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Software Quality


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Software Quality, photo illustration

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"There are two common aspects of quality: One of them has to do with the consideration of the quality of a thing as an objective reality independent of the existence of man. The other has to do with what we think, feel, or sense as a result of the objective reality. In other words, there is a subjective side of quality." —W.A. Shewart, 19316

Quality and dependability of software systems are among the greatest concerns of computing professionals. In the 1970s Barry Boehm,2 James McCall,5 and their colleagues devised models for measuring software quality, which were eventually folded into an international standard ISO 9216.1,4 The standard metrics measure objective characteristics of the software. But, as Shewart noted long before software existed, quality is ultimately a subjective assessment made by humans reacting to artifacts. In other words, quality is in the eye of the beholder. Today much software falls short of the ISO standard and yet is more popular than systems that meet the standard. What standards of assessment are modern software users using? I will propose a preliminary answer here.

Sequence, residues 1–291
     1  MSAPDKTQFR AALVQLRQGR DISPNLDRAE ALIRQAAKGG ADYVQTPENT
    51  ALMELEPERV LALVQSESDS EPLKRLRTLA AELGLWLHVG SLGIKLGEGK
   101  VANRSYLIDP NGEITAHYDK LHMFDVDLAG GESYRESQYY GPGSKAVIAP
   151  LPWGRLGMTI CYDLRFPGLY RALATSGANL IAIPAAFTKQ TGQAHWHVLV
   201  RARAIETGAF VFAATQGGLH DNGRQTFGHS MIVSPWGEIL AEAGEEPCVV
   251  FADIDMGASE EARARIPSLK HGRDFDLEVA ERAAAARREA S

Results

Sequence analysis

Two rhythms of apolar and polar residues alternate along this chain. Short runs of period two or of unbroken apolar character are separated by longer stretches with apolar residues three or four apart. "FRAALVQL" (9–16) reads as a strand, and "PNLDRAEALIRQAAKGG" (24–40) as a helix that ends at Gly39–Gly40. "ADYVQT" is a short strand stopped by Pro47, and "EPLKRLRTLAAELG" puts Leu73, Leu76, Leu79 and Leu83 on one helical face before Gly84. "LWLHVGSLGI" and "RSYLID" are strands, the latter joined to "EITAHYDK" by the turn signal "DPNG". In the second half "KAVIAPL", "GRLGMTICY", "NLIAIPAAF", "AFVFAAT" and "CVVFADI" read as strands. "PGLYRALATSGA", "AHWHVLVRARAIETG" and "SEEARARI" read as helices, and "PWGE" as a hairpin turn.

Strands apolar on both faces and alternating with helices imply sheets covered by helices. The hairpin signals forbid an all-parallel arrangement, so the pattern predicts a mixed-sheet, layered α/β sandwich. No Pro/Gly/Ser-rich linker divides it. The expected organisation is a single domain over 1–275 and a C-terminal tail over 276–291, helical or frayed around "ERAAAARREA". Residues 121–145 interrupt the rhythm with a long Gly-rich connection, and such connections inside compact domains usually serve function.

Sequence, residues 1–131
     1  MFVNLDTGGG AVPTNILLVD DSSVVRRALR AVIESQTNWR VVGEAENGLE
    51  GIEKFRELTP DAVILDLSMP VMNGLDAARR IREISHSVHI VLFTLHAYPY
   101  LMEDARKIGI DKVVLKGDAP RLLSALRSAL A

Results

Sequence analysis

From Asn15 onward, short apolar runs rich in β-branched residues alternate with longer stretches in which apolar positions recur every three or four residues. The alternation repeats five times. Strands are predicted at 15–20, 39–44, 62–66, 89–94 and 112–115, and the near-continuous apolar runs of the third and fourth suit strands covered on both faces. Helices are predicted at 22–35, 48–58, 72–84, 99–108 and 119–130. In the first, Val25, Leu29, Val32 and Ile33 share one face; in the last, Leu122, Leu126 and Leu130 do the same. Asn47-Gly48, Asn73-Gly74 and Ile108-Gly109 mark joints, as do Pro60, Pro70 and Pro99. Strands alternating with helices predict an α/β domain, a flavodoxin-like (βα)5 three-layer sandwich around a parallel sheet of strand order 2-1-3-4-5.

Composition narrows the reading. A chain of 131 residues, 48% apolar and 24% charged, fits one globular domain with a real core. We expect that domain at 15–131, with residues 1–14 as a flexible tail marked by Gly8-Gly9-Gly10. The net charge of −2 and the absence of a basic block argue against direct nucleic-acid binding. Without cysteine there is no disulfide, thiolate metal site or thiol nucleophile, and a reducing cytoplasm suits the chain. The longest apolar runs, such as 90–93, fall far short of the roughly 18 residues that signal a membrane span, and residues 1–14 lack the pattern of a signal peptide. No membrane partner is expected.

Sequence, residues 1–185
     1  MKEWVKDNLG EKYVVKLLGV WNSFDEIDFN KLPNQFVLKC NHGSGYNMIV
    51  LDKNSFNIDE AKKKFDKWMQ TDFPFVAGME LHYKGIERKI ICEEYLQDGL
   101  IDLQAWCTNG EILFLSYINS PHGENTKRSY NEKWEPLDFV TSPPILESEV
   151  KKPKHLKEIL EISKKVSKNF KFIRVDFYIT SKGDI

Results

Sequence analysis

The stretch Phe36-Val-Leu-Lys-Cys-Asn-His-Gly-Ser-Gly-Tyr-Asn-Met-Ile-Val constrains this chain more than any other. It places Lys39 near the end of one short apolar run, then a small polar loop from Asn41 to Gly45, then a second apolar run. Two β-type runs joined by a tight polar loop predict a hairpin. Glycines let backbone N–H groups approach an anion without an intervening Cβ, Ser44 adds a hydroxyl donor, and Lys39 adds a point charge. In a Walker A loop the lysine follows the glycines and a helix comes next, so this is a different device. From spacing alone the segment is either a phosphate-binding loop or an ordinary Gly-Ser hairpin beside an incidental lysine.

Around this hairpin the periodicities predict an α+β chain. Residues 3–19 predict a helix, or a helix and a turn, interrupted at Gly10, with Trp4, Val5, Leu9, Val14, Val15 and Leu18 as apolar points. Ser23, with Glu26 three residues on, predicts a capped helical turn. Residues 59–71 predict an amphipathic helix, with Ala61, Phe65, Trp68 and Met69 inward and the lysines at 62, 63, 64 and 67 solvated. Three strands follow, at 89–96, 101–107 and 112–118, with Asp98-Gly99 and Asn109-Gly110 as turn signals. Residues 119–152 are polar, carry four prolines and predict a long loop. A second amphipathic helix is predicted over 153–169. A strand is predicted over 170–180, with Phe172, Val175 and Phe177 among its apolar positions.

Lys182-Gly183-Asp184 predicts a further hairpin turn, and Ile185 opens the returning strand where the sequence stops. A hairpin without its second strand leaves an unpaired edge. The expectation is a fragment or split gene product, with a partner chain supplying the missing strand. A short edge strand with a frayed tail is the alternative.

Comments


R Oldehoeft

Marcus Vitruvius Pollio was a Roman architect circa 75 BCE - 15 CA. He extolled three virtues that all buildings must provide: Firmness, Commodity, and Delight.

Software should achieve the same goals: Achieve a satisfactory level of freedom from damaging failure; Utility to accomplish the tasks it is purported to be for; And pleasure in use. These are related to Dr. Dennings terms, but they provide a multi-dimensional set of measures that establish a high standard.

Without abolishing the terms of EULAs in place today, that will be impossible.


Nandakumar Ramanathan

Please refer to ISO-25010:2011 SQuaRE standard which I consider as much better than the ISO-9126 standard. It specifies software quality under 8 broad categories and 31 total sub-categories. Software quality is to considered from the points of view of multiple stakeholders. Although users are the primary customers, there are others to consider as well. Maintainability is an essential quality for all software from beginning to the end of their life cycles. Designing status dashboards for software quality during development for each stakeholder is a management research topic. Apart from human-centric subjective measurements, we should aim to specify particular manifestations of each quality sub-category, as a set of quality requirements specification and monitor their realisation status.


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